TAX NEWS - DECEMber 2009

Japan Tax: Requests for exemption from withholding tax on corporate bonds

Japan's recently reconstituted Tax Committee has been tasked with reviewing the overall tax system and is expected to complete an outline of the 2010 tax reforms by mid-December, with submission of a draft tax bill expected in early 2010. In making its review, the Committee has, among other actions, held hearings with interested public and private parties.

A reading of the related comments and requests indicates a common theme among the various interested parties - the introduction of a withholding tax exemption for overseas investors in bonds issued by Japanese corporations.

Japanese companies traditionally have relied heavily on banks to finance their operations, rather than using the capital markets. Where Japanese companies have issued bonds domestically, nonresident investors are subject to a 15% withholding tax on interest. The withholding tax disadvantages Japanese corporate bonds as compared to both Japanese public bonds (national and municipal) and corporate bonds issued by corporations based in other jurisdictions (e.g. the U.S. and the U.K) in which foreign investors have long enjoyed a withholding tax exemption on any bond interest they receive.

Alongside the treatment of domestic bonds, Japanese corporations have the option of issuing Eurobonds (a separate offshore issuance) that must be taken up by nonresident investors or qualified financial investors (QFIs), with interest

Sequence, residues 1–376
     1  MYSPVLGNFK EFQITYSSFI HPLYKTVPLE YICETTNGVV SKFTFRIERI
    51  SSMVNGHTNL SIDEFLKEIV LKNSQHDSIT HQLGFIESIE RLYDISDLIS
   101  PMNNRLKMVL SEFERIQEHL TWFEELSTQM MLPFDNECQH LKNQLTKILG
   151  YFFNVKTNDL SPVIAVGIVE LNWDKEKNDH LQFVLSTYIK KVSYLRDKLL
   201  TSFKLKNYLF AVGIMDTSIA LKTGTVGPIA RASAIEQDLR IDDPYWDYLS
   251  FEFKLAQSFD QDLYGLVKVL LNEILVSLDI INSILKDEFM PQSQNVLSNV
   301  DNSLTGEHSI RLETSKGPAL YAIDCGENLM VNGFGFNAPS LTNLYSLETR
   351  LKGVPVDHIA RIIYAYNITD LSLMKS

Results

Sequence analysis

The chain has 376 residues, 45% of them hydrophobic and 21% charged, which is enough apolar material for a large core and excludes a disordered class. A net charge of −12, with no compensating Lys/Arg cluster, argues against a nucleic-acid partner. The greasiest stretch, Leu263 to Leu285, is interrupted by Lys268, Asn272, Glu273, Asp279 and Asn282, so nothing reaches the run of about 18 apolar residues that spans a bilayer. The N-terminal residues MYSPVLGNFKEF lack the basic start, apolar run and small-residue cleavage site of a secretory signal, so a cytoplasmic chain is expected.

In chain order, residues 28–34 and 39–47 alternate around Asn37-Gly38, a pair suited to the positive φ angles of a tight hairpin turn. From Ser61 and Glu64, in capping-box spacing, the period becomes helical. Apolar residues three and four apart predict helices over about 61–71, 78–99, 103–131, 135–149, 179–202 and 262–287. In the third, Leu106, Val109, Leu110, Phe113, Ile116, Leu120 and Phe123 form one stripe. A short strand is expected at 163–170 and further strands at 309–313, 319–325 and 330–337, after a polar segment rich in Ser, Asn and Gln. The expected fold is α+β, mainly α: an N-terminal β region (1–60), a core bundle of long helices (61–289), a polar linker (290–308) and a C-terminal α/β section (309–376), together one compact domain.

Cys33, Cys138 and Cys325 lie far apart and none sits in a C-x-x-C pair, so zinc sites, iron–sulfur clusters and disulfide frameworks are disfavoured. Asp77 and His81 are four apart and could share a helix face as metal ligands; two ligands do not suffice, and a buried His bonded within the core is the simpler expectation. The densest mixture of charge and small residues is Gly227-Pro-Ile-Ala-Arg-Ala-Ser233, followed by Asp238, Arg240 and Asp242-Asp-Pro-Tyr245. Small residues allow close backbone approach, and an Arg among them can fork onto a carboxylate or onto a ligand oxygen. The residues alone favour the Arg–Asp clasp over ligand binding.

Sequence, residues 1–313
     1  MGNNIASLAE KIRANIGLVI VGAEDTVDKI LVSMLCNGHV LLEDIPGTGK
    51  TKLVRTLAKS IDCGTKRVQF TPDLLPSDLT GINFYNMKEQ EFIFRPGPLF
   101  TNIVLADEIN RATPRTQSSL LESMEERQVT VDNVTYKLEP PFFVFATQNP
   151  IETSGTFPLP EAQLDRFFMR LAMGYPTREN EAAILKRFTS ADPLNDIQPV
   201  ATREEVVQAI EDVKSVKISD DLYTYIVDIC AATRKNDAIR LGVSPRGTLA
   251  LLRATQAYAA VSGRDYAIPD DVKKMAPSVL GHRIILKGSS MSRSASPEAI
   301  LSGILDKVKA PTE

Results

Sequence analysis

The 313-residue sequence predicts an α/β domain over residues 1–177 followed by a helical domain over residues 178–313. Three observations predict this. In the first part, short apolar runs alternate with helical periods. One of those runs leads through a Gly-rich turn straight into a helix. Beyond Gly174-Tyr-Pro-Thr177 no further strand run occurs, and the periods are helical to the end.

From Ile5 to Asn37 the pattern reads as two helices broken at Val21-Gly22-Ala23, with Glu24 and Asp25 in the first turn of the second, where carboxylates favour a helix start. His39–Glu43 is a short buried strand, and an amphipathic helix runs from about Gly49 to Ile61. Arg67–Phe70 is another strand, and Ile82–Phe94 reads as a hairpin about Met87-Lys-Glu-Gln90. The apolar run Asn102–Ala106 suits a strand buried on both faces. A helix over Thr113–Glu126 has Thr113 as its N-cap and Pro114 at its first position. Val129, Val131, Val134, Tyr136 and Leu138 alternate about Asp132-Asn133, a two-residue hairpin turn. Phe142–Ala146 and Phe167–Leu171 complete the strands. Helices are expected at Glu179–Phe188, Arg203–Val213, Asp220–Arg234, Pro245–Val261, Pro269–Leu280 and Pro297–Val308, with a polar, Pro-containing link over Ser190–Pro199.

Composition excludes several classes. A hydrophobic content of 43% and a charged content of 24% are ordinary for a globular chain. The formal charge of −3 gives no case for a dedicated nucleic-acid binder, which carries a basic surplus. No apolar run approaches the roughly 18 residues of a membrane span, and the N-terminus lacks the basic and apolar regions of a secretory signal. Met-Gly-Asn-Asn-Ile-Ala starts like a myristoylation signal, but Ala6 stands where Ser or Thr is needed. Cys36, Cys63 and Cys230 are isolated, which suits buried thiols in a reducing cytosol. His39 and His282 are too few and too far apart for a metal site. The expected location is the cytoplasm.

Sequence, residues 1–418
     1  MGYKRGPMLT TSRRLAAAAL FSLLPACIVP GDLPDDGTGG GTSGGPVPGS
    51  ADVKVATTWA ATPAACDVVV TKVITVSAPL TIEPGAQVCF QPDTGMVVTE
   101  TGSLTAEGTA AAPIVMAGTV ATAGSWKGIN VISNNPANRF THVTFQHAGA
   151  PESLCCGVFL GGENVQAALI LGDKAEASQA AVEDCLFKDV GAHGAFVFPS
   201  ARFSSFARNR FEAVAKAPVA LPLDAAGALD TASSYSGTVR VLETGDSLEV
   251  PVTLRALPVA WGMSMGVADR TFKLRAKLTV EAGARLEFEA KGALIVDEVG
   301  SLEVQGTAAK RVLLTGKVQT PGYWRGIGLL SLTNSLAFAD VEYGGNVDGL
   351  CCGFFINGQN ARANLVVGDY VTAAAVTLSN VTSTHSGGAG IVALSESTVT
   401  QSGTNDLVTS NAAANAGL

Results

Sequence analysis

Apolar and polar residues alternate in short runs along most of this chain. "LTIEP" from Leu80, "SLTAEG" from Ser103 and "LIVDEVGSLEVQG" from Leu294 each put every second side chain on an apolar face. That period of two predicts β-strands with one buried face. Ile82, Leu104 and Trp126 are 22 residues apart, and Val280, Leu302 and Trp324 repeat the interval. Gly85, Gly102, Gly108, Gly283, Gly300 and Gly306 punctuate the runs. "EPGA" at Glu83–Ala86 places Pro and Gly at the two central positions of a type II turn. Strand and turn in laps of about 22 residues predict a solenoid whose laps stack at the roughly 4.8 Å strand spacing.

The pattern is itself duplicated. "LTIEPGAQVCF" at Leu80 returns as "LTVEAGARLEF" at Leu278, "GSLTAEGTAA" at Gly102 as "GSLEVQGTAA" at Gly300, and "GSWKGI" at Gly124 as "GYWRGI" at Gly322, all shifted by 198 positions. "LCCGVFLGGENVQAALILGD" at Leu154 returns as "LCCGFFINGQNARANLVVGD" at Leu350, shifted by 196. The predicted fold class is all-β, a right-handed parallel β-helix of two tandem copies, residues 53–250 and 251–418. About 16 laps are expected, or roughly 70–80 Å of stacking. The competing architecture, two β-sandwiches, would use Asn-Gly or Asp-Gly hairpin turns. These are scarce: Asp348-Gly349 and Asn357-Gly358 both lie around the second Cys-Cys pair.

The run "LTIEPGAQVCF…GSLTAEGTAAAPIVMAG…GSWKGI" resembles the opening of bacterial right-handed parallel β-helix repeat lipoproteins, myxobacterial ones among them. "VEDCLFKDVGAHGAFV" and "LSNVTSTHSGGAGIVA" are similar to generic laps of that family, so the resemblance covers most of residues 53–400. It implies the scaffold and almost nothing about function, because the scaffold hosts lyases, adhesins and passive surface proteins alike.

payments made offshore. Interest payments on such Eurobonds are exempt from withholding tax to the extent investors submit required documentation in a timely manner. However, a bond issuance must be either all Eurobond - thus excluding the domestic market (other than QFIs) - or all domestic bonds - thus imposing a withholding tax requirement on foreign
investors.

The issue has been thrown into sharp focus as Japanese companies and their investors wait for the 2010 tax reform to be published. Japan's banks have become increasingly reluctant to increase credit lines. This reluctance is occurring at the same time that raising capital on the equity markets has become more challenging than it has been for many years.

Consequently, Japanese corporations must look to the debt capital markets for their funding needs. Given the traditionally conservative nature of Japanese investors, many Japanese corporations need access to the relatively higher-risk-taking foreign investor market. The current withholding tax regime clearly limits such access.

The various bodies lobbying in respect of next year's tax reform are, therefore, requesting a leveling of the playing field for Japan's bond market: (1) an exemption from withholding tax on interest for foreign investors in Japanese corporate bonds; and (2) that the administrative procedure for applying for such an exemption should be as simple as possible to encourage investors to take advantage of the scheme. The latter may further be applied to the existing exemption regime for municipal bonds, which requires investors to apply for the exemption in respect of each issuance in which they invest. A one-off application, for example, that is valid for either three years or until there is a material change in circumstances would prompt investors to take full advantage of the exemption, thus encouraging foreign investors to provide capital to Japanese companies.

Clearly, the Japanese government will have to consider the potential loss in revenue any such measures would create and balance this against the obvious benefit of smoother access to foreign capital that the measures would afford and the additional capital inflows that would likely result. That said, a measure that encourages foreign investors to invest in Japanese corporate bonds, while maximizing the administrative ease of doing so, should be supported to help stimulate economic growth in the world's second largest economy.

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